new senior class: Boomers on campus
'University-linked retirement communities'
unite seniors, colleges
Citing a University of Michigan study, Tsao says many
residents "were motivated by the fact that college- and university-linked
retirement communities promote an active intergenerational community.
"They not only enjoy more social involvement,
new friendships and higher morale by interacting with residents
of their own age, but also have more opportunities to contribute
to younger generations."
Though a few communities were founded in the postwar
years, Tsao says the phenomenon took hold in the early 1980s. At
that time, some pioneering schools began to develop them to create
a supportive intellectual and cultural environment for retired faculty,
staff, alumni and other older adults.
The movement took hold. "During the 1990s and
the early 2000s, a number of collegiate retirement communities were
developed across the country," he says.
The initiatives come from several directions.
In some cases, Tsao says, groups affiliated with a
particular school start communities through partnerships with private
developers. They're looking for an adult learning and living environment
linked to the academic world.
Sometimes the initiative comes from school administrators
who have an eye on the bottom line. "Colleges and universities are always seeking
ways to effectively develop their property and to expand and diversify
sources of revenue," Tsao says. Collegiate communities contribute to this goal
by boosting land values and generating revenues from the sale or
lease of land and facilities.
"They also provide the potential for income from
membership fees," he says, "as well as gifts, donations
and bequests from residents."
Developers -- recognizing the potential benefits of
association with big-name colleges and universities and eyeing a
ready market of alumni and retired faculty and staff -- are also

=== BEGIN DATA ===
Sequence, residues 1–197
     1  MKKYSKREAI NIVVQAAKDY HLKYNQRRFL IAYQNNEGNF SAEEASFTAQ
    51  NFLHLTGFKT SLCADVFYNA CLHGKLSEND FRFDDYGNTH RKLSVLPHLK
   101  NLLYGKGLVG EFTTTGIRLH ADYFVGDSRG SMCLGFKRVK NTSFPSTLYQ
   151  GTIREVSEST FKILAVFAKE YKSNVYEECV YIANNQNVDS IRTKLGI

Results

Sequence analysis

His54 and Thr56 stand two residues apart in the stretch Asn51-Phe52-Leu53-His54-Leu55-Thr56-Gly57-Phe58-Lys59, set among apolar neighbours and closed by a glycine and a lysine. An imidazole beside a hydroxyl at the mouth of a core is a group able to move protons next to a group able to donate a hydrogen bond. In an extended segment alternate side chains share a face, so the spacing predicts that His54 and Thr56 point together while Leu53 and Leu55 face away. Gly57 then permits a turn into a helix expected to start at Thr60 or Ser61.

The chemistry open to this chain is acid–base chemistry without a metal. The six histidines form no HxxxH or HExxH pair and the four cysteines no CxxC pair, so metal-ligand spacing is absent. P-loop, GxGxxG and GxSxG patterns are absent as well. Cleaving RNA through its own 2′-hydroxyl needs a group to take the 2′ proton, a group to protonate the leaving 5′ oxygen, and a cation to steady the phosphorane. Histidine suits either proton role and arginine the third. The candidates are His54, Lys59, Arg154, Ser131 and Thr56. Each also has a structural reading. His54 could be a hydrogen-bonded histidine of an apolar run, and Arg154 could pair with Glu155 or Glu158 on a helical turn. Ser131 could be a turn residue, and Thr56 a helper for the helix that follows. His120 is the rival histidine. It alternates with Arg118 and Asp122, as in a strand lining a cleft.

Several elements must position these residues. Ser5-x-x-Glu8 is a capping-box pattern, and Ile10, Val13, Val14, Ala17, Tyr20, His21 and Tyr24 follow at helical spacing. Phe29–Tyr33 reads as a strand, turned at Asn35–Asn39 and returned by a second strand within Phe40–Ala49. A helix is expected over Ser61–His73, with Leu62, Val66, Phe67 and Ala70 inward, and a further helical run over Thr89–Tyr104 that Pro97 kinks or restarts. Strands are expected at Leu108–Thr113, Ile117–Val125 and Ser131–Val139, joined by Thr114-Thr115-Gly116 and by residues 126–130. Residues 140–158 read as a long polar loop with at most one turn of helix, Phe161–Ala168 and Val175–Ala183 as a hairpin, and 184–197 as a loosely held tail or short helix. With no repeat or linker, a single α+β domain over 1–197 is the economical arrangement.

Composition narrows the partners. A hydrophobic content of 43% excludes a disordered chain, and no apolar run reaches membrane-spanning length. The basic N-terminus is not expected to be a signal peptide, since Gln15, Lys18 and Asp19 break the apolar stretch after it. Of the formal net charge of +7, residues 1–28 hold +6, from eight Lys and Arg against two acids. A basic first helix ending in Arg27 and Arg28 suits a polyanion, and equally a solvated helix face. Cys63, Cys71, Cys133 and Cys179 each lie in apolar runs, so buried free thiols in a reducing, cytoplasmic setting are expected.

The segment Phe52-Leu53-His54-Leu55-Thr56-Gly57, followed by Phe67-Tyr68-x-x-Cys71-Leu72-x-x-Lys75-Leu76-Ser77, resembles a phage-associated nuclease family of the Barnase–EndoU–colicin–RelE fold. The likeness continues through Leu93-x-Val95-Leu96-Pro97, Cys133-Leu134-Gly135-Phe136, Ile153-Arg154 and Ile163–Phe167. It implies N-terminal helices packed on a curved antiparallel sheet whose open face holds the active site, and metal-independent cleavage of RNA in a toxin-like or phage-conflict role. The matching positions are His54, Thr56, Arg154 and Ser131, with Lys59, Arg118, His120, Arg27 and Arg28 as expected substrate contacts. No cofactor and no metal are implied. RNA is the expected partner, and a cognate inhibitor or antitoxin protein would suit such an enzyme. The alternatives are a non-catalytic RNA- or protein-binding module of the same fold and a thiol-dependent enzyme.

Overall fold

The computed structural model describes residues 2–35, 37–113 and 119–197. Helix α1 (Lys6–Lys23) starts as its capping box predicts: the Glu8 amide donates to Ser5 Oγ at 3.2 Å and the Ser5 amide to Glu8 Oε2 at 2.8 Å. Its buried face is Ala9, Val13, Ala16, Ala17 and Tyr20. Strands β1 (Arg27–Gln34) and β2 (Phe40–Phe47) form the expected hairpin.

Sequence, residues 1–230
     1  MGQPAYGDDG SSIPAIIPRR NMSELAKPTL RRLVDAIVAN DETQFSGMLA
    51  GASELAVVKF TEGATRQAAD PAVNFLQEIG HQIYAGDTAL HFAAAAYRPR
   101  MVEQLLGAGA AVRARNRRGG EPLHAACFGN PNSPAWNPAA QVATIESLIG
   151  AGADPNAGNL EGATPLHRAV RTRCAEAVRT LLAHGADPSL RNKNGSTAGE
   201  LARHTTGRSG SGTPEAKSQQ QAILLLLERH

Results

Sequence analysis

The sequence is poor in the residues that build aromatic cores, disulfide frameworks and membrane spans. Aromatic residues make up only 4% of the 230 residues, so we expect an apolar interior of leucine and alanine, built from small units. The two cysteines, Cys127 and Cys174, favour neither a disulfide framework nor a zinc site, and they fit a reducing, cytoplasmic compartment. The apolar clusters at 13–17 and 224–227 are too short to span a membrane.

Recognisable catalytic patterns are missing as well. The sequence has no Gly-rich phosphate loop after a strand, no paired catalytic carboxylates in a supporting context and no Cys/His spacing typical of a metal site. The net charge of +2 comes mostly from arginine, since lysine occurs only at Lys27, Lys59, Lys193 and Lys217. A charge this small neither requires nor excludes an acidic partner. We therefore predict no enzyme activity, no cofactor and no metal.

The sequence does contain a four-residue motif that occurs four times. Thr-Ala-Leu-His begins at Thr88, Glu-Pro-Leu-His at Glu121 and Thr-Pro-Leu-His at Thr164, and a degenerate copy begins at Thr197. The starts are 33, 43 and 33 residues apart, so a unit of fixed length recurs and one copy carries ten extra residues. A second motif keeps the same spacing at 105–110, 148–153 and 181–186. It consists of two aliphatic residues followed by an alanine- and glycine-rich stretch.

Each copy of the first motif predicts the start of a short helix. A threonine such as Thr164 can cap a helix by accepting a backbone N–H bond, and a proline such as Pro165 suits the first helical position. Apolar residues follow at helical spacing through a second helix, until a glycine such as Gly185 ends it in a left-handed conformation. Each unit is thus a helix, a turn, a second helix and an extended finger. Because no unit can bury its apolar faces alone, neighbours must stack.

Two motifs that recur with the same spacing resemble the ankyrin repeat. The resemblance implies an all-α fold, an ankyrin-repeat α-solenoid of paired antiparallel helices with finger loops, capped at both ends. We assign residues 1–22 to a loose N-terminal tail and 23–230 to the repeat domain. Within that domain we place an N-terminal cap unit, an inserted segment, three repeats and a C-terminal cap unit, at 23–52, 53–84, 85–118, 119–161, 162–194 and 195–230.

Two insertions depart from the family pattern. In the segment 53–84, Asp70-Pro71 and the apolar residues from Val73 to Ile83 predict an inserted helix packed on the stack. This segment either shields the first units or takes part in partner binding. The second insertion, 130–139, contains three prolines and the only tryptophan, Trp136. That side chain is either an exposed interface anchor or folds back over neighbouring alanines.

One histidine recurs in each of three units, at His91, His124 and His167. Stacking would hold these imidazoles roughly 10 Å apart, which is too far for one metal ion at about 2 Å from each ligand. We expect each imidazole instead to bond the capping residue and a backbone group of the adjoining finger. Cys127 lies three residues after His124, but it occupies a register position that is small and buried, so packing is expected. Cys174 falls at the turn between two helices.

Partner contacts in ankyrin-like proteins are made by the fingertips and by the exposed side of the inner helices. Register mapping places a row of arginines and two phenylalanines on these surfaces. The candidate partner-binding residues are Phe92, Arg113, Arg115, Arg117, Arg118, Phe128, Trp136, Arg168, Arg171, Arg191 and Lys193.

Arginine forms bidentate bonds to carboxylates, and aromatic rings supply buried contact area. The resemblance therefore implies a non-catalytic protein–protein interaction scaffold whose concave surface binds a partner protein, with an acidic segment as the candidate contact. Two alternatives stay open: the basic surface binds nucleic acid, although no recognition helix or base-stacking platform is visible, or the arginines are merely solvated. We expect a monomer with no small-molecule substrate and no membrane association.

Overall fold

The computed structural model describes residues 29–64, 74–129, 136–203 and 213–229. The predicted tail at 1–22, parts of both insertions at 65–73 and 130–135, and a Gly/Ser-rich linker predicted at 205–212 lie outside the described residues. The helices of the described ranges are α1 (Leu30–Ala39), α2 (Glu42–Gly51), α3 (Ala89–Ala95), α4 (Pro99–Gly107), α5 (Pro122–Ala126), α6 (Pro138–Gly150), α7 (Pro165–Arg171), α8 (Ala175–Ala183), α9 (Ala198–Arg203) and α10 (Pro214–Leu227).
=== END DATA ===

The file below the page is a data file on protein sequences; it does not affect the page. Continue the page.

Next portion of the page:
getting in on the act, Tsao says. Typically they form joint ventures
with universities to develop retirement communities on or near a
The Kendal Corp., a nonprofit provider of communities
and services for older adults based in Pennsylvania, has been building
retirement communities on or near campuses for about 35 years.
"At first they were not exclusively college-related,"
says John Diffey, Kendal president. "But those in the Philadelphia
area, for example, naturally drew retirees who had links to Swarthmore
By the late 1980s, Diffey says, Kendal
began building collegiate retirement communities in conjunction with such institutions as Dartmouth,
Oberlin College, Cornell, Ithaca College, Washington and Lee University and others.
The models vary depending on the market, says David
Jones, Kendal's project director. Kendal typically operates continuing-care
communities, charging a one-time, refundable entry fee and an ongoing
For example, residents in Kendal at Hanover -- a 15-year-old
community in Hanover, N.H., with links to Dartmouth College -- pay
entry fees of $107,492 to $393,646, plus monthly fees ranging from
$2,038 to $4,778. In Kendal at Lexington in Lexington, Va., which
is linked to Virginia Military Institute and Washington and Lee University, costs are a bit lower. Entry fees there start at just
under $97,000, while monthly fees can be as low as $1,800.